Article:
In May 2016, 34 primary care and infectious disease physicians, patients, and treatment access advocates from six countries in South and Southeast Asia met in Bangkok for a one-and-a-half-day training on treating hepatitis C and HIV co-infection with the second-generation direct-acting antivirals (DAAs). The objective was to build the skills of clinicians in using DAAs and to share recommendations from the World Health Organization (WHO) and various professional liver societies. TREAT Asia conducted the training in collaboration with the International Network for Hepatitis in Substance Users (INHSU) and the Australasian Society for HIV, Viral Hepatitis and Sexual Health Medicine (ASHM).
Participants at the training on hepatitis C co-infection treatment
In the Asia-Pacific region, about 87 million people are infected with hepatitis C,1 including more than half a million who are co-infected with HIV.2 DAAs are more effective and safer than previously used drugs and are now recommended as first-line treatment by the WHO, which in April 2016 updated its guidelines for hepatitis C screening, care, and treatment. However, barriers to accessing DAAs persist for a number of reasons. Many countries do not have government-funded testing and treatment programs and/or have not yet registered the drugs for use. In addition, most middle-income countries in Asia do not benefit from the price reductions that have been made available through special programs to low-income countries, so the drugs remain too expensive for many people who need them.
“TREAT Asia believes that given the large number of patients with hepatitis C in the region, we have to prepare infectious disease and primary care physicians who already treat HIV patients to use DAAs in the future” said Giten Khwairakpam, TREAT Asia’s project manager for community and policy.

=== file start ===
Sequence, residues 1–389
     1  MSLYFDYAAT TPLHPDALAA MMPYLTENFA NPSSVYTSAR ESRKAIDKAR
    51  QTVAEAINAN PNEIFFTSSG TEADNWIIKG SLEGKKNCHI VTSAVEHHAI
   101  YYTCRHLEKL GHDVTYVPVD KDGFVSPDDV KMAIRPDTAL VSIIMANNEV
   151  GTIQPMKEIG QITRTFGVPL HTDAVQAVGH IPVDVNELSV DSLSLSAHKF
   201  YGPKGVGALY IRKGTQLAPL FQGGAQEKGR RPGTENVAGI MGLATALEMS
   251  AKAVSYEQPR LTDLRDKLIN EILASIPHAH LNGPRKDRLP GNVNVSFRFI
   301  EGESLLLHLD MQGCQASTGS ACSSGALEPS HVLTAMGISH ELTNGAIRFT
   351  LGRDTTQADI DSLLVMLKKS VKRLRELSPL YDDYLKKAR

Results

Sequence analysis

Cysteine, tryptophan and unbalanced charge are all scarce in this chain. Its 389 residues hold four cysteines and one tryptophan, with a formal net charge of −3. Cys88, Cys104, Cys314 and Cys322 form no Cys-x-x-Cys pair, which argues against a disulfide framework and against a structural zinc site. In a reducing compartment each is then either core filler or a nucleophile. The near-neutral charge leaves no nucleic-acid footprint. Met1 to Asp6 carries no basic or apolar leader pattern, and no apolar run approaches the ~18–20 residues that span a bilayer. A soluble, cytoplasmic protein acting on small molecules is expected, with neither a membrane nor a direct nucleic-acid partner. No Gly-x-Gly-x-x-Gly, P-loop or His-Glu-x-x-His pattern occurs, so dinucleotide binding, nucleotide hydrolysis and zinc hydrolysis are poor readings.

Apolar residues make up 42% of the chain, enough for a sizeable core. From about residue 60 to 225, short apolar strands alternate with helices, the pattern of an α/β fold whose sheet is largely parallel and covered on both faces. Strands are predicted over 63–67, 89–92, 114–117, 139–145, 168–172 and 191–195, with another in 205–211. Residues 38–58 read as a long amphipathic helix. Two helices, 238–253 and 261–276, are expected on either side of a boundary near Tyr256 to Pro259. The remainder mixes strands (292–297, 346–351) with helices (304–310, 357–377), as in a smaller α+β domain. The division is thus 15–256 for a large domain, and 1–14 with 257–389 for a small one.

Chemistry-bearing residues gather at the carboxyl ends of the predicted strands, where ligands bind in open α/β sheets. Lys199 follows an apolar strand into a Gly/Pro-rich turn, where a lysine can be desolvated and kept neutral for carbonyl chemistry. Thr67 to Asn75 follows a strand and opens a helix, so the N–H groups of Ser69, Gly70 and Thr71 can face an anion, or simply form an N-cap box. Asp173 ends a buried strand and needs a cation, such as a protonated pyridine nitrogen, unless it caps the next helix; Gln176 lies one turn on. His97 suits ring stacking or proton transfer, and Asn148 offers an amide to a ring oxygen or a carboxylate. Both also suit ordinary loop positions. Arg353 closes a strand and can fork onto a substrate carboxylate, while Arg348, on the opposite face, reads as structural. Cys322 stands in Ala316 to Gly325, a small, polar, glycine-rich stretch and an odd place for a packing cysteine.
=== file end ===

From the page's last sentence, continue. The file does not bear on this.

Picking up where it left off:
The agenda included understanding steps for diagnosing hepatitis C infection, staging liver disease, managing side effects, and reviewing clinical care and treatment responses among people who inject drugs. Participants were also presented with real-life case studies of those who have been treated with DAAs in resource-poor settings.
“Training to build the skill set of clinicians who directly interface with people having HIV and hepatitis C co-infection is much needed in the Asia-Pacific region,” said Dr. Gail Matthews, Associate Professor at the Kirby Institute in Sydney, Australia, who led the training. “As well as empowering the participants to better treat their patients, this session can serve as a model for larger-scale training efforts in the region.”
“Physicians who attended the training said it made them feel more confident about providing better care to their patients co-infected with HIV and HCV,” added Mr. Khwairakpam.
TREAT Asia has played a major role in working to improve access to DAAs. In addition to hosting regional consultations for advocates to coordinate their efforts to influence government policies and improve access to screening and care, it is developing educational materials for both patients and medical providers on the use of DAAs.
1 Walsh N, Durier N, Khwairakpam G, Sohn AH, Lo YR. The hepatitis C treatment revolution: how to avoid Asia missing out. Journal of Virus Eradication 2015; 1:272-275.
2 Platt L, Easterbrook P, Gower E, McDonald B, Sabin K, McGowan C, Yanny I, Razavi H, Vickerman P. Prevalence and burden of HCV co-infection in people living with HIV: a global systematic review and meta-analysis. Lancet Infectious Diseases 2016 Feb 24. [Epub ahead of print]